Rwandan troops still on payroll: Robert Block in Goma sees defeated soldiers collecting their wages as part of a plan to keep the military intact in Zaire

ALTHOUGH defeated, living in exile in Zaire and supposedly disarmed, the Rwandan army is being kept together by the former Hutu extremist government amid tough talk of launching an offensive to retake Rwanda.

In a large military tent pitched on the side of the road near the Mugunga refugee camp, military paymasters were busy yesterday sorting through piles of computerised lists of active servicemen and counting huge wads of crisp new Rwandan franc banknotes. A queue of soldiers formed near by. Rwandan francs are still used as currency by the refugees and are also being converted into Zaire's currency by some money traders. In Goma's world of squalor, disease and death, money means food, clean water and life.

Wads of Rwandan money were also being distributed yesterday to refugees at the Kibumba camp by men in black Mercedes-Benzes. The former Hutu government has been doing everything possible to prevent the refugees from going home. It does not want to see its base of support and its main claim to power leaving. Crucial to this effort is keeping the military happy.

'This is our pay for June,' one officer shouted at a group of reporters as he counted money. 'No more questions. You can go ask your friend Kagame,' he added, referring to the military commander of the mainly-Tutsi Rwandese Patriotic Front (RFP), whose forces defeated the army two weeks ago and drove them into Zaire along with hundreds of thousands of refugees. Rwanda military officers blame the international press and the world community for failing to support them in their fight against the RPF.

But even in defeat, the Rwandan military is united. Thousands of soldiers live in their own refugee camps separate from the civilians. They spend their idle days swaggering through the streets among crowds of refugees. Some, although a relatively small number, are armed despite efforts by the Zairean authorities to collect all weapons.

Compared to the rest of the 1.2 miilion refugees in and around the Zairean border town of Goma, the soldiers look fit and healthy. All are in uniforms, which, considering the amount of dust and filth in the refugee camps, are surprisingly clean. Unlike the 16 civllian refugee camps around Goma, there are few bodies piled up near the army areas.

Yesterday's distribution of the soldiers' wages comes one day after reports that army leaders have been telling aid workers that they will not disband the military. An unnamed senior Rwandan military officer was reported to have told the United Nation's High Comissioner for Refugees (UNHCR) and the Zairean authorities on Wednesday that the army was not going to be demobilised because it was preparing for a counter offensive to 'take back Rwanda'.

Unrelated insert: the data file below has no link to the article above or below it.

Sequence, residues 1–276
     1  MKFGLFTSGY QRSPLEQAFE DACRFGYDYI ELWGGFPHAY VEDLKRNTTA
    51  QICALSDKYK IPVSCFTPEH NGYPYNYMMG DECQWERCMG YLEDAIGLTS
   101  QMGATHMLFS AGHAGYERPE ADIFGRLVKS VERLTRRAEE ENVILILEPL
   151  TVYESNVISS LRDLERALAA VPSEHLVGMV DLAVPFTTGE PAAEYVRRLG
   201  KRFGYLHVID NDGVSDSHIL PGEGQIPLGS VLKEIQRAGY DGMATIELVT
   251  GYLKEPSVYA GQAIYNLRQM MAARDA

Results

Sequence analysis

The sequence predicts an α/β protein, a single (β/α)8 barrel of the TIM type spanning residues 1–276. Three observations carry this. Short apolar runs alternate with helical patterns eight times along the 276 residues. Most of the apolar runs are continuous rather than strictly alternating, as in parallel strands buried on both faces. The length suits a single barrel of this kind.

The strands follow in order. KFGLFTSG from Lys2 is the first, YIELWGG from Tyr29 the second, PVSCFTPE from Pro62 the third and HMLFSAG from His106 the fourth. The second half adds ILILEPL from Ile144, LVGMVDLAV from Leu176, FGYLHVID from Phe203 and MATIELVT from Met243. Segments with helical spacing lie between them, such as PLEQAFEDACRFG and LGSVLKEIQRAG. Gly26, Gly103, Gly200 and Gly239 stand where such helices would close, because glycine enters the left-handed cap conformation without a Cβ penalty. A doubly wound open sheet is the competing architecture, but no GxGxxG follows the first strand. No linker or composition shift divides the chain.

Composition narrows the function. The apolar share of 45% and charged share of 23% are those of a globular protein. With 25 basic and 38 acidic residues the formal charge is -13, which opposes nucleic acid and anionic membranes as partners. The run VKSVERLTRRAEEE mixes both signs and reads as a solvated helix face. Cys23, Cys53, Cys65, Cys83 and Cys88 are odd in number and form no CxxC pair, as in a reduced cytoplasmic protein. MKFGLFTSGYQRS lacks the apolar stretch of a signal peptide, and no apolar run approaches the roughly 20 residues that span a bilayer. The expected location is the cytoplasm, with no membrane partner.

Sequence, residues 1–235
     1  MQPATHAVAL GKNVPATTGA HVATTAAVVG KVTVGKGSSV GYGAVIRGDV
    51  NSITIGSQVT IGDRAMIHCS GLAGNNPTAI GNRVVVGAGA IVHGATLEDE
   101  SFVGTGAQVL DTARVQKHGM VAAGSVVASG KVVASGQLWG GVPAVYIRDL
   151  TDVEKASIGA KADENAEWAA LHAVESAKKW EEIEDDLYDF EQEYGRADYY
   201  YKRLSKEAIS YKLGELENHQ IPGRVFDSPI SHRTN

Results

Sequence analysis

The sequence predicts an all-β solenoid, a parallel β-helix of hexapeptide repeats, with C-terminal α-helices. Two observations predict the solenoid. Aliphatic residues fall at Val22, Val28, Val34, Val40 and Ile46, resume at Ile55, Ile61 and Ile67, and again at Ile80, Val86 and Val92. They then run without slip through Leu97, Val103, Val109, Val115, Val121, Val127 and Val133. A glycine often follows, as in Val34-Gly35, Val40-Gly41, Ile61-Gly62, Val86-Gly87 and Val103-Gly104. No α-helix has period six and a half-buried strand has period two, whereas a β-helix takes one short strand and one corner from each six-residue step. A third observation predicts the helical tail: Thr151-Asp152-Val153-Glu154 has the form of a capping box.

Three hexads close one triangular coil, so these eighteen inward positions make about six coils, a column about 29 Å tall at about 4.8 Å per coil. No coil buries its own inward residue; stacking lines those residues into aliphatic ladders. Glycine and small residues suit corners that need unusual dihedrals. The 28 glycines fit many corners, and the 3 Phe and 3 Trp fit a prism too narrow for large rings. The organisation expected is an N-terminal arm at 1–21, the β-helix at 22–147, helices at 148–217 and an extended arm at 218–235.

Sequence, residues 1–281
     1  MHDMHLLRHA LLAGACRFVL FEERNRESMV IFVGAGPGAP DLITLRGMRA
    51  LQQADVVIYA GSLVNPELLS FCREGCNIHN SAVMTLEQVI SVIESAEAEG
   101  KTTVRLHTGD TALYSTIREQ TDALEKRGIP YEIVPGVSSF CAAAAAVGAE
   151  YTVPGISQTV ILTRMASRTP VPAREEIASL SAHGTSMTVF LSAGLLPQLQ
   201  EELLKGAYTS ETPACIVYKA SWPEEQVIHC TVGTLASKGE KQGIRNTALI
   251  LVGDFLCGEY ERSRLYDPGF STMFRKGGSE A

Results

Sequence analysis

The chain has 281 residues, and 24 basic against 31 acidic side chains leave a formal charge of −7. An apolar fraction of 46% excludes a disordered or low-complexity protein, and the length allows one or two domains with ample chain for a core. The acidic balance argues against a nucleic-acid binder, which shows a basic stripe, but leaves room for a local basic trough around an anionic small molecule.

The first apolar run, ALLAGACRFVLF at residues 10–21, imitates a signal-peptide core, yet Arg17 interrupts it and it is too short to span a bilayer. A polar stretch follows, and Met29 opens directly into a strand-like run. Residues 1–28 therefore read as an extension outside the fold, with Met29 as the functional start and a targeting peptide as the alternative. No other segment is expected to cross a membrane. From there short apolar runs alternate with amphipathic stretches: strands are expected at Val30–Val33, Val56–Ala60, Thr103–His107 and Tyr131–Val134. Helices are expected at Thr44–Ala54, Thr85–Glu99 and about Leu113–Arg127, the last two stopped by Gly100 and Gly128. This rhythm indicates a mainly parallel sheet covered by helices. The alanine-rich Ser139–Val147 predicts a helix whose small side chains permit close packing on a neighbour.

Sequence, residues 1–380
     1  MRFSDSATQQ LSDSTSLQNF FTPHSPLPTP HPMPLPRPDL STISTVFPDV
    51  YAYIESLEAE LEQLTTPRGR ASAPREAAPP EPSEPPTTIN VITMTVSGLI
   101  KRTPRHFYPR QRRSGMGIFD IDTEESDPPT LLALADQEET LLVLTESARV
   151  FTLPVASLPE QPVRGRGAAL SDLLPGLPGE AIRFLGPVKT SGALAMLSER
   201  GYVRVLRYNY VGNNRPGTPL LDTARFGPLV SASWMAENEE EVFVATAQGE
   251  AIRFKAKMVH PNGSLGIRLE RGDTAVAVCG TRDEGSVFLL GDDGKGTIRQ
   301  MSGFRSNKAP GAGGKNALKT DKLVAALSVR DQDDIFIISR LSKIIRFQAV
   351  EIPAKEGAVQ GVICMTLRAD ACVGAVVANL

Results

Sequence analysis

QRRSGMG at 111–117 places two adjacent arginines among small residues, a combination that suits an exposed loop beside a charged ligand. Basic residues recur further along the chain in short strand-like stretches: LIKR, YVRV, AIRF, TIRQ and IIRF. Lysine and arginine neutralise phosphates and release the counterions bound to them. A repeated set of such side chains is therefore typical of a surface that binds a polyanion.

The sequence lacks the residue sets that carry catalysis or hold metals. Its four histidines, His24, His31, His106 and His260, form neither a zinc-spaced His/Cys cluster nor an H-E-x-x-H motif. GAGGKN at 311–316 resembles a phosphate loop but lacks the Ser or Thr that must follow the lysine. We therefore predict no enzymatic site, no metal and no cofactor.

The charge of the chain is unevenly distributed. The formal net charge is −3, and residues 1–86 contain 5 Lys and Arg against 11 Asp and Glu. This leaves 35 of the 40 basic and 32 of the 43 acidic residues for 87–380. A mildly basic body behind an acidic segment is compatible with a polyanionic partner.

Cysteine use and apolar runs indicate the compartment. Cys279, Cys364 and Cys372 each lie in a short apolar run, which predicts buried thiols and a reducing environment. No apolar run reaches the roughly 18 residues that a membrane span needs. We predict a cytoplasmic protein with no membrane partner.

The UNHCR has refused to supply relief aid to the soldiers as long as they remained in their own camps with an intact military structure. 'These guys are still together as a fighting unit and we are not going to help them,' said one UNHCR official yesterday in Goma.

UN officials, diplomats and relief workers have expressed fear that the presence of the loyalist forces in Zaire could be a potential source of instability in the region. The US special envoy to Rwanda, Brian Atwood, described the presence of an intact Rwandan army as a 'time bomb'.

But French military sources who have been keeping an eye on the former government army, do not believe there is any danger of the Rwandan army striking out soon. Aid workers also agree.

'From what I've seen and heard, I don't think they represent any real threat for the moment. They've been defeated once and abandoned their equipment,' a relief worker in Goma said.

But if the refugees remain in Rwanda for a longer period of time that might change. Sources in the former Hutu government have said that they were not trying to buy weapons on the international market and expected to be able to launch an offensive within six months.

(Photograph omitted)

Suggested Topics
Start your day with The Independent, sign up for daily news emails
PROMOTED VIDEO
Have you tried new the Independent Digital Edition apps?
ebooks
ebooksA special investigation by Andy McSmith